Hidden HTML markup Google Sheets adds to the clipboard

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Google Docs/Sheets/Slides/Drawings (which all have a lot of code in common) all support copying content (such as text, images, spreadsheet cells, shapes, etc.) created in them to the clipboard and pasting it into another doc/sheet/slideshow/drawing, which might be different than the origin document. Content is copied to the clipboard as HTML, which means that hidden markup can be inserted here to support copying complex objects that can’t easily be represented as ordinary HTML.

You can try pasting some HTML in this contenteditable box, and see what HTML gets pasted:

For example, copying a smiley face shape to the clipboard results in this HTML:

<span id="docs-internal-guid-7d347fee-7fff-afd7-ca79-41b3a53d7fad">&nbsp;</span>

The internal GUID id is used to keep track of the underlying data. You can copy and paste the shape within a document, and it’ll know to duplicate the existing smiley face by looking up the GUID. This also works when pasting into another document in the same browser – it stores the GUID ⇔ data mapping in the browser’s local storage. Trying to paste it into another open browser just results in an empty text box being pasted, since the other browser doesn’t have any data stored for the pasted GUID. GUID linking allows these Google apps to store more data on the clipboard than would otherwise be supported.

Google Sheets takes a different approach than Docs/Slides/Drawings to storing additional data on the clipboard. In this example, the second column has a formula that doubles the first column (=2*A1) – here’s what that looks like when pasted:

3 6

And here’s the (formatted) HTML that gets copied to the clipboard:

<style type="text/css">td { border: 1px solid #ccc; } br { mso-data-placement: same-cell; }</style>
  dir="ltr" cellspacing="0" cellpadding="0" border="1"
    <col width="100">
    <col width="100">
    <tr style="height:21px;">
          overflow:hidden;padding:2px 3px 2px 3px;
          overflow:hidden;padding:2px 3px 2px 3px;

Instead of inserting an opaque GUID into the clipboard, Google Sheets takes a different approach: putting all the relevant data as data- attributes on the copied data. It uses the data-sheets-value and data-sheets-formula attributes to encode the data and formula of the cell.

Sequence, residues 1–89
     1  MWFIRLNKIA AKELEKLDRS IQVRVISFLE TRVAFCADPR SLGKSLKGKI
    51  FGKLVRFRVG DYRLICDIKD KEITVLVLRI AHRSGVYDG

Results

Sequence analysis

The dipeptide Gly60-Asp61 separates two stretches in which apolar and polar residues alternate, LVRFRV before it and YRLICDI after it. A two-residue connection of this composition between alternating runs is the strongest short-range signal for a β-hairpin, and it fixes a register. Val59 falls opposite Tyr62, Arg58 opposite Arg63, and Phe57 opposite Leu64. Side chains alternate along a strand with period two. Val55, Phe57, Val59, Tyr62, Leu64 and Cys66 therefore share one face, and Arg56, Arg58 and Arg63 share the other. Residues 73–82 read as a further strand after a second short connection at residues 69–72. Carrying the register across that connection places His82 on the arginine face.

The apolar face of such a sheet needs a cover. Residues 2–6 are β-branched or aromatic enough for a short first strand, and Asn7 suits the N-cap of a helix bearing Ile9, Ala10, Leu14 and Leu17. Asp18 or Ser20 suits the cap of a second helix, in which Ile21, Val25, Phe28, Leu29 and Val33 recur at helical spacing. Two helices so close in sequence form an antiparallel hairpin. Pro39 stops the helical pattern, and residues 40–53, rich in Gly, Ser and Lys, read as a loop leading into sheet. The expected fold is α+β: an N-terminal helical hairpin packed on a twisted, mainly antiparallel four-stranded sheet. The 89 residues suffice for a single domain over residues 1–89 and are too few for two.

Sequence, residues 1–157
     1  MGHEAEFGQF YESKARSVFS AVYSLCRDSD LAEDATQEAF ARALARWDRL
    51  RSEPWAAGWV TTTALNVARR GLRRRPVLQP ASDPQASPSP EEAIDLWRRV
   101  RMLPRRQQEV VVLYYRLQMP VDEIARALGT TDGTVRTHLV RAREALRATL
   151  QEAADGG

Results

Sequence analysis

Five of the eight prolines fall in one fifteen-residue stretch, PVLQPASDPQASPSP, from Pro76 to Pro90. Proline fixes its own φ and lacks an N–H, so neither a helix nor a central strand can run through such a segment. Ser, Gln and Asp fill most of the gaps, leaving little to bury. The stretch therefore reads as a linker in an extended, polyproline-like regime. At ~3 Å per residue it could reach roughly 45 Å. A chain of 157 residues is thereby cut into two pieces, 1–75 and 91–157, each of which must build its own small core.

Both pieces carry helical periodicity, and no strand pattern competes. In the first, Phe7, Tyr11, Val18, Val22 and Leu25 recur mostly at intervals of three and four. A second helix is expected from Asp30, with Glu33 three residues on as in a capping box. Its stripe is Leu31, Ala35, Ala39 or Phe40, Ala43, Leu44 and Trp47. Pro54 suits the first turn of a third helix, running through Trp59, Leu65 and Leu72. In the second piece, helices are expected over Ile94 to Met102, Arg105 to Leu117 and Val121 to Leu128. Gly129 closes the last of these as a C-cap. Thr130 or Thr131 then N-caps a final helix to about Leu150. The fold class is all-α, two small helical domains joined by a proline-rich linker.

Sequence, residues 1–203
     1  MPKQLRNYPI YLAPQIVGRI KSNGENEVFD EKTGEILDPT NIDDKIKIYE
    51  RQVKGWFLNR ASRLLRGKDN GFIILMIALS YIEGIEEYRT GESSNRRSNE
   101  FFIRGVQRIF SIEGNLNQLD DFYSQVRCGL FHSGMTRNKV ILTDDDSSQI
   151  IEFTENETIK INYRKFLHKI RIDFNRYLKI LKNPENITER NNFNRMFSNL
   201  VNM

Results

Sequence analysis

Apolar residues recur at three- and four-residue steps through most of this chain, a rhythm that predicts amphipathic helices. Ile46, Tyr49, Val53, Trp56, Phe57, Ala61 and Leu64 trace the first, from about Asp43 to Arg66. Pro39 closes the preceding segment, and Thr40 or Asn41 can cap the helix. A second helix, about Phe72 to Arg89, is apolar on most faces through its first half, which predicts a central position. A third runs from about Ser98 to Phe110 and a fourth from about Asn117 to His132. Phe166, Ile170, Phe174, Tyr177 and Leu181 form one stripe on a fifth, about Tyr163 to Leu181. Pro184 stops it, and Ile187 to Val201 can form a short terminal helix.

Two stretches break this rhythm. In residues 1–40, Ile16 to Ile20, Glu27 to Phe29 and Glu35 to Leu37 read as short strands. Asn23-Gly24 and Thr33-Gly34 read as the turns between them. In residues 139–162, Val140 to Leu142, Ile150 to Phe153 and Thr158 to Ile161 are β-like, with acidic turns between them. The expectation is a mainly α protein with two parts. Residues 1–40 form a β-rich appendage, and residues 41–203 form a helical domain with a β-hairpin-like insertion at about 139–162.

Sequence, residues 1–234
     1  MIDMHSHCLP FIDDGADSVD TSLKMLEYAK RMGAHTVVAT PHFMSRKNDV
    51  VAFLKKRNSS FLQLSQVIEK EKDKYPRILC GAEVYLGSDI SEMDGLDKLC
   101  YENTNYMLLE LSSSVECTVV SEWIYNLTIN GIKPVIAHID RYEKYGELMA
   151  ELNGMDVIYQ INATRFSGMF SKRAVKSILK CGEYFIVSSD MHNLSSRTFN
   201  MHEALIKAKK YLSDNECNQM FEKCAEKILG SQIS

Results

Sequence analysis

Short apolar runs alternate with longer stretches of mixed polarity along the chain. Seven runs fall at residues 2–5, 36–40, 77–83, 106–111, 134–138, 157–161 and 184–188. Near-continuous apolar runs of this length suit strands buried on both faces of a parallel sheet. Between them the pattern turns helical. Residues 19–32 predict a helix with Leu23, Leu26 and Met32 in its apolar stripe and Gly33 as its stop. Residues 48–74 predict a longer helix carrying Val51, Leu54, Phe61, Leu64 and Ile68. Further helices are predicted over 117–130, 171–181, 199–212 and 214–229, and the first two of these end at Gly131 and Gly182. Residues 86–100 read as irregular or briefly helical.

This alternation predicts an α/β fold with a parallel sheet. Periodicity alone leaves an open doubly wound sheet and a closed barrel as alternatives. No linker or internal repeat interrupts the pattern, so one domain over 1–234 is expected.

For cells that have a value determined by a formula, data-sheets-formula contains that formula. Cells references (such as A2) are converted to relative references1, such as R[0]C[-1] for the cell one column to the left2. This format is different than the internal (unexposed) representation which represents cell contents as structured data. (fun fact: formulas are also internally stored in stack-based language that describes their execution; that formula gets stored as LD2]R3]F*:2]S)

The data-sheets-value attribute is a JSON object containing the value in the cell. The "1" field has an integer containing the data type, and the other field has the field name of that integer, with a value corresponding to how types of that value are encoded. For example, the type for boolean values is 4, so FALSE gets encoded as {"1":4,"4":0}. The textual representation of the value is separate from the actual value, and only the data-sheets-value attribute is checked when pasting in cells. The actual text content of the <td> element is ignored.

An odd consequence of the way values are stored is that if you copy cells from Google Sheets, edit them in an external HTML editor, then paste them back in, your modifications don’t get reflected in the pasted cells. It also means that if you copy some text into an HTML editor, then change the text, the original text is still around in an attribute.

The data-sheets-value attribute was how I first noticed these attributes. I have a habit of looking at the raw sources of emails I receive, so I noticed when I received an HTML email with parts copied from a spreadsheet, with slightly different text in the data-sheets-value attribute than the body of the email. Be sure to keep in mind that the reader can see the originally pasted text when pasting from Google Sheets into an HTML document!

  1. Except for references like $A$1, where the dollar signs explicitly disable this behaviour. In that case it’s stored as an absolute reference, such as R3C2↩︎

  2. You can’t use R1C1 notation when writing a formula directly in Sheets, pasting it in is the only way to use it (unlike Excel). However, INDIRECT does allow this notation when the second parameter is FALSE↩︎